Relink

Our Manifesto

We can have results, or excuses. Not both. These are our manifestos.

Culture manifesto

We are
business minded

We plan, execute and evaluate based on clearly defined targets and goals. We plan and evaluate our priorities based on these goals, and are always looking for new opportunities to reach them. Speed is not a substitute for direction.

We get
things done

We value those who talk about what they did, not what they are going to do. We recognise that execution is the mother of progress. We make decisions and accept that mistakes happen. We do not make excuses.

We are
trustworthy

We deliver on expectations. We act on fact and always face reality, no matter how harsh it might be. We do not postpone the difficult tasks, and we always flag if expectations won’t be met.

We are ambitious
and purpose driven

We love people who aspire for greatness, are ambitious, a bit crazy and want to make a difference. Nothing is impossible and great things come from thinking big, very big. We also understand that even the biggest things have small beginnings.

Engineering manifesto

Measure twice, cut once

Take time to do your research before making any technical decision. Picking and leveraging the right technologies is of the utmost importance. Never pick a technology just because it is what you already know. The results should be less code that you wrote alone and more code that is maintained by a community. Remember that your learning curve is temporary, but thousands of lines of hand-written code performing a commodified service could sit in your repo for years.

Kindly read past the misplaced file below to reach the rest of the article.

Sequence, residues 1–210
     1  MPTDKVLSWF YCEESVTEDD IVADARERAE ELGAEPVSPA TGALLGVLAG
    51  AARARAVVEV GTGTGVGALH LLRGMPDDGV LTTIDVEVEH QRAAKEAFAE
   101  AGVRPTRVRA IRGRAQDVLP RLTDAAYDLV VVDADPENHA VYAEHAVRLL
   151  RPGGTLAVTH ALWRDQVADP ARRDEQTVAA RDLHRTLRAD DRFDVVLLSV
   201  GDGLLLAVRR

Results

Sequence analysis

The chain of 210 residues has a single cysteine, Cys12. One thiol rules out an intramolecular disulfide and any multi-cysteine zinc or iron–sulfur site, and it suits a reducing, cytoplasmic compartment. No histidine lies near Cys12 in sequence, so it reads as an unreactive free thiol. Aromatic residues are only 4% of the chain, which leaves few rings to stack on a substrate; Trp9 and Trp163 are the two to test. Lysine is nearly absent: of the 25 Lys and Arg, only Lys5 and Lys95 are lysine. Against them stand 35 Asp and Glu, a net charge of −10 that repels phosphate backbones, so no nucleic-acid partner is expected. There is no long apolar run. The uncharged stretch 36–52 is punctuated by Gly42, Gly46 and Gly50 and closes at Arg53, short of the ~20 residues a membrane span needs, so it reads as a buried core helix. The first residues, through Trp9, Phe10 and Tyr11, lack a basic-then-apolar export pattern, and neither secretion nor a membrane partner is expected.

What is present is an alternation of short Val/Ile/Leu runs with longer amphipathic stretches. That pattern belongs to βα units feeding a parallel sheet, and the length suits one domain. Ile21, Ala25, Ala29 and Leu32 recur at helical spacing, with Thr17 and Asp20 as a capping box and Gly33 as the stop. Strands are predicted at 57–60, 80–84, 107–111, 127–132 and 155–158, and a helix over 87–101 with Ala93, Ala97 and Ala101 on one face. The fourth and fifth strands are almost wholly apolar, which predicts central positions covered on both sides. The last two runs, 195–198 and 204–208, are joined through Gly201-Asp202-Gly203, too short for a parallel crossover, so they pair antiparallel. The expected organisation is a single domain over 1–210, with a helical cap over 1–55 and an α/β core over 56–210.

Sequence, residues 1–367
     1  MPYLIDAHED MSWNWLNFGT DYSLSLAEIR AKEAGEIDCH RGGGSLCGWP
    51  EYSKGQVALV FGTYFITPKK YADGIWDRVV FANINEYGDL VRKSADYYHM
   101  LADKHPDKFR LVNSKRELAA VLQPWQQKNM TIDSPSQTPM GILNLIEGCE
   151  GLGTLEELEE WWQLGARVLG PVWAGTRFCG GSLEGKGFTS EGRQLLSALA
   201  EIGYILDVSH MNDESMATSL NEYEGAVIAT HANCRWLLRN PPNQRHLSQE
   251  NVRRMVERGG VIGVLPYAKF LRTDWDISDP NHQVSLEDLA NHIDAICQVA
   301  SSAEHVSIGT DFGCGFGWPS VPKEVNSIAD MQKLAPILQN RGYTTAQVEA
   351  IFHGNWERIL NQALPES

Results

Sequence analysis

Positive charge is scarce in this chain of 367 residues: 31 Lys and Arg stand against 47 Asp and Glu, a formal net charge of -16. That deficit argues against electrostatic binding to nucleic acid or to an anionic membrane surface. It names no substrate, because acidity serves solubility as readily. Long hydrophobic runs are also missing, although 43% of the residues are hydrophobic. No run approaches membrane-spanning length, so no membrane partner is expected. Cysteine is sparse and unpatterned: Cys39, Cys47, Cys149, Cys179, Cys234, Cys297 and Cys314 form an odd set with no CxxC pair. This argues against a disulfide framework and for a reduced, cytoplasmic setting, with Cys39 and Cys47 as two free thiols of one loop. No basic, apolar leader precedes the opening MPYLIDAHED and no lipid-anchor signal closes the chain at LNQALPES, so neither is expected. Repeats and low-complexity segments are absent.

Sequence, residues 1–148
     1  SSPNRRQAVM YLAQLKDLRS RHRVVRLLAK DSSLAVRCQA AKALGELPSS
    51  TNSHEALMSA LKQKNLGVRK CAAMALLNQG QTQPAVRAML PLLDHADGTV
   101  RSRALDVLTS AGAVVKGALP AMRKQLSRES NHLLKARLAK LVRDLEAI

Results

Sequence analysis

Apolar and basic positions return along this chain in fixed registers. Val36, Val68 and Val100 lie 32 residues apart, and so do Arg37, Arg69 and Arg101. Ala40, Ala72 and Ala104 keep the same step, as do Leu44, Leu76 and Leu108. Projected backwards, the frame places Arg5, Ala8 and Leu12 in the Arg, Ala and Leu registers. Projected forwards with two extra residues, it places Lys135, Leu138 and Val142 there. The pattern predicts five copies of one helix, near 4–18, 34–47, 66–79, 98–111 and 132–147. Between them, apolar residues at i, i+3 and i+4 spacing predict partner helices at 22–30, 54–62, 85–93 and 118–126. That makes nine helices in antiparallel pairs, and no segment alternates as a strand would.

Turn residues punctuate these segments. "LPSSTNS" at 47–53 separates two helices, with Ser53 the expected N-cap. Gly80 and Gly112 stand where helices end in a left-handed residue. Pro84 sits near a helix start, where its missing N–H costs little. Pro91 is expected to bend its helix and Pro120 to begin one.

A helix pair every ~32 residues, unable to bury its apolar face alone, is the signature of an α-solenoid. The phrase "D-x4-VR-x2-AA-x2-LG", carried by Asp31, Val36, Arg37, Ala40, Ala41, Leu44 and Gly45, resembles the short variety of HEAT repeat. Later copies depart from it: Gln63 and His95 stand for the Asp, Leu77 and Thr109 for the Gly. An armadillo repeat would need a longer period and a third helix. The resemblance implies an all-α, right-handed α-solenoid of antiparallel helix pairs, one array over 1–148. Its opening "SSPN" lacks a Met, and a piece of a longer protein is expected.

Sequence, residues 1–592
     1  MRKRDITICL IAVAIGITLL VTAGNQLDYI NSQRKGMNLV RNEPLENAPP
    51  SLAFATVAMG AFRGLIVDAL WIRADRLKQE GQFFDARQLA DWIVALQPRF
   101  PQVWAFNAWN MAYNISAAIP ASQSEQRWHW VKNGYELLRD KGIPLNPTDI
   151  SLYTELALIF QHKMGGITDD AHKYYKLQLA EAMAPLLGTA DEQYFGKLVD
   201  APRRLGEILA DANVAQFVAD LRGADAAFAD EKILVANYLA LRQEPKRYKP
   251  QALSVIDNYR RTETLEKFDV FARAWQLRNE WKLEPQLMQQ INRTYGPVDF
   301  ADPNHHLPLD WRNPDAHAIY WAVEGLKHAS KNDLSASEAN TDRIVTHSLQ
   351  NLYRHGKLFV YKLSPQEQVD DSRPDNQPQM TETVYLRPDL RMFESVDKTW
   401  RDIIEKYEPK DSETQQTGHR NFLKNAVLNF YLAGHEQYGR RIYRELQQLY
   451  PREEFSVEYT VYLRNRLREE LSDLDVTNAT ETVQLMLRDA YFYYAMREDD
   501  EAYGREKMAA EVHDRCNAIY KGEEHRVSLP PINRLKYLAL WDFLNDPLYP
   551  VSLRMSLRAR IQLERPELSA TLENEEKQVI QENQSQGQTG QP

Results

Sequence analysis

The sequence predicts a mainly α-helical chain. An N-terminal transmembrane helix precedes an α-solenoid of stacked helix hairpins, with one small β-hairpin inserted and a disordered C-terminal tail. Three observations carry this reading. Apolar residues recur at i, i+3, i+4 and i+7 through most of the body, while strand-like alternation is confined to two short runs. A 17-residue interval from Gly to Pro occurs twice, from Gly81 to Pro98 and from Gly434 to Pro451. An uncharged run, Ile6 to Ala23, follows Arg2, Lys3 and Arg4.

Stand on the shoulders of the latest open-source projects

Don't shun a project because it is new. If everybody waits for a project to be popular, it will never get popular. You should be able to judge a project by more than just how many people are using it. Remember that all projects are maintained by people, so treat them as such. Show respect, get to know them, bet on them, contribute with every opportunity you get, and read their code. Always read their code.

Fear complexity

Work together with everyone else in the company to reduce engineering complexity: those in charge of product, those in charge of customers, those in charge of data. Clearly communicate the dangers and long-term costs of complexity and engineering overhead to everyone on the team. Align products with the technologies available to you: don't try and build a bicycle if nobody has invented a wheel, but as soon as someone launches a good wheel, build the shit out of that bike.

Write clean code

For us, clean code is something that is simple, readable, does one thing and comes with a fully automated test suite. When the code is clean and does not violate principles like “Single Responsibility Principle” (SRP) and “Open/Closed Principle” (OCP), we can make changes to code without fear of breaking things and we are able to create bigger and more robust systems with incremental design changes.

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